Thanks comeback. Good luck with your quest. The first part of the transition was the hardest for me but after a while it became second nature.
My worst problem is I have teenagers who eat carby crunchy snacks (Oreos, cheezits, wheat thins, etc.) which, when the girls are not eating them, sit tantalizingly in our pantry, calling out to me. My kids are very active in sports and can eat that stuff all day long with their furnace-like metabolisms and not gain an ounce, but my love handles bulge if I just glance at them. We compromise by keeping them sort of boxed away in the pantry.
My wife has been a great supporter too so that for example when she makes her delicious crawfish pies, she'll make some without the pie crust which if you ask me are just as good. I don't feel like I'm missing out on anything. So again, good luck and I hope this works out for you like it has for me.
There are some examples of low carb athletes such as this one:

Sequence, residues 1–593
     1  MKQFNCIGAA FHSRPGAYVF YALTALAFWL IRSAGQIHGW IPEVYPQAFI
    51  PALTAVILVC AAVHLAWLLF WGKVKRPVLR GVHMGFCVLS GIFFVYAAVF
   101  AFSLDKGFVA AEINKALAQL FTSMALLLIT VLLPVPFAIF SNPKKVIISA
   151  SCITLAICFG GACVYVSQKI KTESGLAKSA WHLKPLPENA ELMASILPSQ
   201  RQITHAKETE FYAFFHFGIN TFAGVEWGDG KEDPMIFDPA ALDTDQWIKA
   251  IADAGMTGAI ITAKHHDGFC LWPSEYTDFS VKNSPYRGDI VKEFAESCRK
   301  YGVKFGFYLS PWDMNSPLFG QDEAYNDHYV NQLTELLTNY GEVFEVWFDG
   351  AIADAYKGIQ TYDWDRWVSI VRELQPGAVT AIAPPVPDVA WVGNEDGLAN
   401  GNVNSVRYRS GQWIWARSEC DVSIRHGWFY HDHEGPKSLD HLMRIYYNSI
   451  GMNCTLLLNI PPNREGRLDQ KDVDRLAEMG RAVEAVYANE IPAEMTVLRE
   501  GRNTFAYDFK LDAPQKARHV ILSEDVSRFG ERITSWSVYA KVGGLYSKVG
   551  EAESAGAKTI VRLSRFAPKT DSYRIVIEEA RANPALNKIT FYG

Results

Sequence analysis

Western States 100 - Low Carber Wins Ultramarathon - Steve Phinney and Jeff Volek Study
Earlier this summer, Steve Phinney and Jeff Volek, authors of The Art and Science of Low Carbohydrate Performance, headed to the Western States 100-mile Endurance Run, to study how runners in this grueling race fared, literally, for they were checking how the athletes performed, AND how they ate. Steve Phinney says that more and more endurance athletes are choosing low-carb, high-fat. They're choosing this diet both to get over digestive problems that hit in such a demanding event, and to win the race, and win it BIG! That's what Tim Olson did this year. A self-proclaimed low-carb eater, Tim won the race - with a record-breaking pace. - Shelley
I know ultramarathoning is different than tennis but I can also point out that a certain #1 ATP player in the world is also a gluten free eater. I am not claiming joker is low carb by any means but giving up bread doesn't seem to have done his tennis game any harm.